(KIEV, Ukraine) -- Ukraine is trying to get its bearings just a week after violent street demonstrations nearly tore the country apart. The former Soviet republic took a major step toward stability Thursday when its parliament appointed pro-West opposition leader Arseniy Yatsenyuk as interim prime minister. Yatsenyuk held out an olive branch, stressing his government wants a partnership with Moscow.
However, Yatsenyuk also stressed that Ukraine will sign an Association Agreement with the European Union, the very issue that touched off street demonstrations last November when then-President Viktor Yanukovych reneged on a deal with Europe to cozy up to Russian President Vladimir Putin.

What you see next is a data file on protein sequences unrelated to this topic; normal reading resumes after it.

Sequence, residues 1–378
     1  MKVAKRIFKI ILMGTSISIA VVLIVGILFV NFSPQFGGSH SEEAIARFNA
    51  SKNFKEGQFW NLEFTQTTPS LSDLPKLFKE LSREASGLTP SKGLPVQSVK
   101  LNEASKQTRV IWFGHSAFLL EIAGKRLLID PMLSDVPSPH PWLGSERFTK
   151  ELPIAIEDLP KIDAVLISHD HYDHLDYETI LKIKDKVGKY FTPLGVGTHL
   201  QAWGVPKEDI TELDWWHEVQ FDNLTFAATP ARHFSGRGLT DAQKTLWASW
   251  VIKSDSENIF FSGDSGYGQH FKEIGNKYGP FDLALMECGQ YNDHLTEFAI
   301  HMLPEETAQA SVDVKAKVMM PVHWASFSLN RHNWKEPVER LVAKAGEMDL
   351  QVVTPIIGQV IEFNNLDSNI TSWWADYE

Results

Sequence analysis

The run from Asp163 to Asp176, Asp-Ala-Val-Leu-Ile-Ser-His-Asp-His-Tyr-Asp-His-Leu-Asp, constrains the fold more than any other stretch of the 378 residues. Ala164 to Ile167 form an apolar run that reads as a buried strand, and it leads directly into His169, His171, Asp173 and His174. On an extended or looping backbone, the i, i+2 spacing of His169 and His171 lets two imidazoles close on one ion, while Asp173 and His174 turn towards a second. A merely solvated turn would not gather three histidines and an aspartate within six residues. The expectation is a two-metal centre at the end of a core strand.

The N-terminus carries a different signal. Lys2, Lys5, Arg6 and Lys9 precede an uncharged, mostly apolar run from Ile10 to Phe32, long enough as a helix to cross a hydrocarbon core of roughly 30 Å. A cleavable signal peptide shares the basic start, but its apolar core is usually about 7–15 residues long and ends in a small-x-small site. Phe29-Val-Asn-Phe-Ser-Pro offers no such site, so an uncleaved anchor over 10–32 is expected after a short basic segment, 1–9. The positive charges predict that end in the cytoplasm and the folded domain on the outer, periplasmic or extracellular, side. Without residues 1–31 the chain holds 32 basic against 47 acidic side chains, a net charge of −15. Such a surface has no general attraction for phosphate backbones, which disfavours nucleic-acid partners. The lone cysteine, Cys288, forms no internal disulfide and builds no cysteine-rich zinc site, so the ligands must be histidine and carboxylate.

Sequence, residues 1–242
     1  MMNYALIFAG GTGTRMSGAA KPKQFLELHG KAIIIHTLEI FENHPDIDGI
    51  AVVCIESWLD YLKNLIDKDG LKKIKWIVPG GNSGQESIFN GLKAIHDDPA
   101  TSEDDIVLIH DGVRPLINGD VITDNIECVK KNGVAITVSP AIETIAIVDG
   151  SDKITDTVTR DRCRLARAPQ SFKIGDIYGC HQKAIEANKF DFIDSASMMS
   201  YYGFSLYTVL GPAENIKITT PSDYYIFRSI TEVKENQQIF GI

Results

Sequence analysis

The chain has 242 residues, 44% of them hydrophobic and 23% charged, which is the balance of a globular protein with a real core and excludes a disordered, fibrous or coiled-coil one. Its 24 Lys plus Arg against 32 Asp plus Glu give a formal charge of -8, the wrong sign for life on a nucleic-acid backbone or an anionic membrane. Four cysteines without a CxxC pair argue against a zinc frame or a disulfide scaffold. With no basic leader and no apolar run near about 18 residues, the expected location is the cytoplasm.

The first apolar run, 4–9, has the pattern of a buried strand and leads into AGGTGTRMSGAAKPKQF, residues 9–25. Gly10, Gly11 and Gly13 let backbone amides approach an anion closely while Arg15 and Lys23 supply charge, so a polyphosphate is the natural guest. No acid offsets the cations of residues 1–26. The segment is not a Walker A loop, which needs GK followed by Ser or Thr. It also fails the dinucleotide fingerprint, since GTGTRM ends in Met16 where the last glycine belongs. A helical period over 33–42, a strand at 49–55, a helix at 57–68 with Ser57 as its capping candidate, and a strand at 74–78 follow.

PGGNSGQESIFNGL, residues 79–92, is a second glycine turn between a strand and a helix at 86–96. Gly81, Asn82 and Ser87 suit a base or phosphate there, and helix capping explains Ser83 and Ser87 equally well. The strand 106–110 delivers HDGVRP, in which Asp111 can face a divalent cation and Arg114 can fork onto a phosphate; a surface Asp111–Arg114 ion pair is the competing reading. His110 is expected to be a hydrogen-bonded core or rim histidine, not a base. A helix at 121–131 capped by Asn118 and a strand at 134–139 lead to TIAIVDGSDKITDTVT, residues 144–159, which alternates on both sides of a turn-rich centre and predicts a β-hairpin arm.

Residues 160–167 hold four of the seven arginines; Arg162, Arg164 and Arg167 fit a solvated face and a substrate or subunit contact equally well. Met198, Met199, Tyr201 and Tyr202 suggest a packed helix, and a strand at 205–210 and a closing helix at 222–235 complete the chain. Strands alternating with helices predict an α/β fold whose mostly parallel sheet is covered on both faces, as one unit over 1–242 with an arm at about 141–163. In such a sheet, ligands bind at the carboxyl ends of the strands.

Part of Yanukovych's rationale was to get a quick infusion of cash from Moscow to prop up Ukraine's faltering economy. However, with Yanukovych on the lam after being booted from office, Yatsenyuk accused the ex-leader of pilfering from the state treasury with as much as $70 billion sent to off-shore accounts.
The new prime minister acknowledged tough decisions were inevitable but some of the pain may be eased with promises of financial assistance from the U.S., the International Monetary Fund and European Union.
As for Yanukovych, who disappeared from Kiev last Friday, he issued a public statement Thursday declaring himself Ukraine's "lawful leader." Yanukovych, who is also trying to elude a warrant charging him with mass murder, said he has turned to Russia "to ensure my personal security from the actions of extremists."
The ousted president is scheduled to hold a news conference on Friday.
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